That statement might have sounded absurd just three months ago. After all, this was the year the Suns were expected to "tank." Incoming point guard Eric Bledsoe showed promise, but after gutting the roster of veterans such as Jared Dudley, Luis Scola and Marcin Gortat, few people expected the Suns to exceed 24 wins.
Not even the team's marketing department realistically expected a playoff berth. The current season's slogan of "Ignite the Future" was an obvious attempt to bring hope and optimism to the fans without guaranteeing immediate success.
But as of today, the Suns have a 24-17 record. They have emerged as the underdog story of the NBA, and it has been a long time since a team of washed-up veterans, prospects, nobodies and misfits has achieved so much.
Of course, there are still 41 games to go. And with Eric Bledsoe out with an injury, there is plenty of time for the Suns to lose their playoff spot.
But for now, let's focus on what went well in the first half. How exactly did the Suns get to this point? And what did we learn in the first half of the season?
One of general manager Ryan McDonough's first tasks this past offseason was the draft. For the first time in many years, the Suns had a top-five pick. And in addition to that, they also had the last pick of the first round.
With the fifth pick, McDonough took Alex Len, a 7'1" Ukrainian center from the University of Maryland. With the 30th, he selected Archie Goodwin, the freshman guard from Kentucky who many said would have benefited from staying in college.
Neither player is even a candidate for Rookie of the Year. And looking at the stats, you can see why.
Archie Goodwin averages 3.1 points, 1.7 rebounds and 0.9 turnovers in a meager 10.5 minutes per game. His shooting percentages are particularly unsightly, as he connects on 39 percent of his field-goal attempts and only 11 percent of his three-point attempts. Advanced statistics give him a Player Efficiency Rating (PER) of 6.3 and -0.4 win shares. Those stats almost suggest that Goodwin has been a liability to this team rather than any sort of asset.
Len hasn't been fantastic either. He has played only 13 total games after missing over a month due to ankle soreness. And even in those 13 games, he has logged a total of just 89 minutes.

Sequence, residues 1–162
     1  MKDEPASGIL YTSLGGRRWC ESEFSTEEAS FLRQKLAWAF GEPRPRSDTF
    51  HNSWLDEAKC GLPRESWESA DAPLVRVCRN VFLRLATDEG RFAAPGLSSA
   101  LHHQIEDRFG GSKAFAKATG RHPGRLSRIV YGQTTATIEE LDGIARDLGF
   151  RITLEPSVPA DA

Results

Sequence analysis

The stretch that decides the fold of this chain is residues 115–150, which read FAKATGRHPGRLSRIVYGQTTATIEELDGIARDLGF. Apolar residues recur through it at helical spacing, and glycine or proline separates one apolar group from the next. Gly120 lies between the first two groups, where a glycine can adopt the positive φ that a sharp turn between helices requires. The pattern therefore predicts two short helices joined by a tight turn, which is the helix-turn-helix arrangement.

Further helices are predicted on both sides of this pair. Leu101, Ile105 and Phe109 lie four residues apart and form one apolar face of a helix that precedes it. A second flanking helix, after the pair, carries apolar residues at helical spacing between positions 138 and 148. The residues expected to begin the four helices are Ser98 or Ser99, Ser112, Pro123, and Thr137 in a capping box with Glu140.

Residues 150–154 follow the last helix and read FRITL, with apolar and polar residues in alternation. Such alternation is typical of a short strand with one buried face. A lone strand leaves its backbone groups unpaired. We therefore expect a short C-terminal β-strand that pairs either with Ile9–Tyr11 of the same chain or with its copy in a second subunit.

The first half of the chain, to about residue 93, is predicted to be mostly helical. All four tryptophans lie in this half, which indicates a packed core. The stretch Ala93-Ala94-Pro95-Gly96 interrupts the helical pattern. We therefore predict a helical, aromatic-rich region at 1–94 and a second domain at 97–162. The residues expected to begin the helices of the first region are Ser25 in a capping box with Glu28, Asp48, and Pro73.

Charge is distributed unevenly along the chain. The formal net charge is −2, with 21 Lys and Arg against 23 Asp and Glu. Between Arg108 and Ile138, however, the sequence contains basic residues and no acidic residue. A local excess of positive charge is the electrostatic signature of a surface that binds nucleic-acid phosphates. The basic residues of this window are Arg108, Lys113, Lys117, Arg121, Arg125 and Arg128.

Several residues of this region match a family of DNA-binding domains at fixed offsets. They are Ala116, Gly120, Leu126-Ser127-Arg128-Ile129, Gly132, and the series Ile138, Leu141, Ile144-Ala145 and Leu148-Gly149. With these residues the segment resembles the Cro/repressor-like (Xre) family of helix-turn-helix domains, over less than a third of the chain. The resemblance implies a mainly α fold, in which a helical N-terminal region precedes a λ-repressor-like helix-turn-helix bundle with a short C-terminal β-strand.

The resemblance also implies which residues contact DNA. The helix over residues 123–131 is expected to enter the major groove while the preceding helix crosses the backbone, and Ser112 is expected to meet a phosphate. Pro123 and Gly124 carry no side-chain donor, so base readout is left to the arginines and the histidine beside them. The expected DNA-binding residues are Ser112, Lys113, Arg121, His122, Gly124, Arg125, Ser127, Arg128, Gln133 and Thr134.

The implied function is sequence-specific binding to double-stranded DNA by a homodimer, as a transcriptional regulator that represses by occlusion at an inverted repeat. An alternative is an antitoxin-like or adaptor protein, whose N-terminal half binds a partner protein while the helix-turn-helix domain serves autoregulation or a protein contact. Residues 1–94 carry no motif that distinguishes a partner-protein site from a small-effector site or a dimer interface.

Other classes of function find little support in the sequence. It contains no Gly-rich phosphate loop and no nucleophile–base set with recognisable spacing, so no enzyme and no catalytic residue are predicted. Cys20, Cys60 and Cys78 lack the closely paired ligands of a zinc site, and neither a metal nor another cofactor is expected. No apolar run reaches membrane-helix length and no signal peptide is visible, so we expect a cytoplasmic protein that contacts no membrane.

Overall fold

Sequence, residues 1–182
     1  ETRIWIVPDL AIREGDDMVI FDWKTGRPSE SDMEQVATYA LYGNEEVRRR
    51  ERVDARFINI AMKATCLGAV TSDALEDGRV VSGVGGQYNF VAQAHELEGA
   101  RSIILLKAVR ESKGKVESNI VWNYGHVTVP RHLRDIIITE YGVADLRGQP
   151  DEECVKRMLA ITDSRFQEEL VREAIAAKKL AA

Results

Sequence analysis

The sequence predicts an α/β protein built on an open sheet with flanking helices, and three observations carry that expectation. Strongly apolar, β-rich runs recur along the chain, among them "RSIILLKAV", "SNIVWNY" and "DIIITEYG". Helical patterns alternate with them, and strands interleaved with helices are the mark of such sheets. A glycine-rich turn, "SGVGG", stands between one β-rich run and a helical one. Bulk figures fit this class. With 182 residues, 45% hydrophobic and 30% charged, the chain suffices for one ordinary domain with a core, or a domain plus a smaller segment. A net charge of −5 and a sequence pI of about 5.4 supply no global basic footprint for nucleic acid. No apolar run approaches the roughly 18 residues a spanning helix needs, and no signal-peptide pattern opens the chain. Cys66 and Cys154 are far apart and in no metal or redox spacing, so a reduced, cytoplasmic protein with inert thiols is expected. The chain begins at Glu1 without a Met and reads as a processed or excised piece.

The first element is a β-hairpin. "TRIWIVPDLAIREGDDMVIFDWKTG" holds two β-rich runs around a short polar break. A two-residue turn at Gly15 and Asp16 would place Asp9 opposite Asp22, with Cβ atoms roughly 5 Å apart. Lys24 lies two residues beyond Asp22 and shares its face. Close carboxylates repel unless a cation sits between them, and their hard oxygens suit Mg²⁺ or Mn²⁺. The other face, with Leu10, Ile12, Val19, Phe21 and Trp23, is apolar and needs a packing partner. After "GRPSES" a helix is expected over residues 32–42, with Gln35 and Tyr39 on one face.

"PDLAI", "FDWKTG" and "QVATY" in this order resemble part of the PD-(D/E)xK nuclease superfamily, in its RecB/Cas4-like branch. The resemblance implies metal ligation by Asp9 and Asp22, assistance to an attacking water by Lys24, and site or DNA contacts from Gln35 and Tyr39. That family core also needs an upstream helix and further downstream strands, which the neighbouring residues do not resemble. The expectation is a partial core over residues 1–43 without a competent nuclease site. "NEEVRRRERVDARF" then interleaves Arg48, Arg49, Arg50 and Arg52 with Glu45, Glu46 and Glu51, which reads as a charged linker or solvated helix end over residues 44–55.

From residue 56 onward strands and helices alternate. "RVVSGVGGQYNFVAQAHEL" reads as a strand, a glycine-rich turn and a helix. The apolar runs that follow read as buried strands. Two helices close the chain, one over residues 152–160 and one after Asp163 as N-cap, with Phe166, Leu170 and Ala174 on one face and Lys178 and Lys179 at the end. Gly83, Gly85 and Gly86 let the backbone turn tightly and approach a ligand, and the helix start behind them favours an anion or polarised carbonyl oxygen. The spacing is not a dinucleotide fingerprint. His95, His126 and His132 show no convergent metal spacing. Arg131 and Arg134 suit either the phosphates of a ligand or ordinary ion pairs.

It is still too early to even worry about the performance of these rookies and whether or not they should be labeled "busts." Len and Goodwin are only 20 and 19, respectively, and they're on a team that doesn't have many minutes to offer. Factor in the alarming status of Len's ankles, and it's safe to say that the two rookies will be developed slowly over the next few years.
On the bright side, when either one is on the court, the potential is clearly there.
For example, few players on the team are as aggressive as Goodwin when attacking the basket. Though he isn't converting many of those layup attempts yet, he isn't afraid to drive to the rim and take contact either. Once he adds strength, he could be one of the Suns' best players at breaking down the defense. If he could only add a consistent jump shot to his repertoire, he might become an elite offensive player.
Len, for his height, is extraordinarily lanky. Though it may be a small sample size, he averages 7.7 offensive rebounds and 12.5 total rebounds per 36 minutes.
He hasn't shown much of an offensive or defensive game yet. But at the very least, he could become an above-average rebounder in this league. And right now, that's exactly what the Suns need from their big men, as they are 27th in the NBA in defensive rebound percentage.
When the Suns traded Luis Scola to the Indiana Pacers, the most intriguing asset they received appeared to be a late 2014 first-round pick. Gerald Green and Miles Plumlee were simply throw-ins.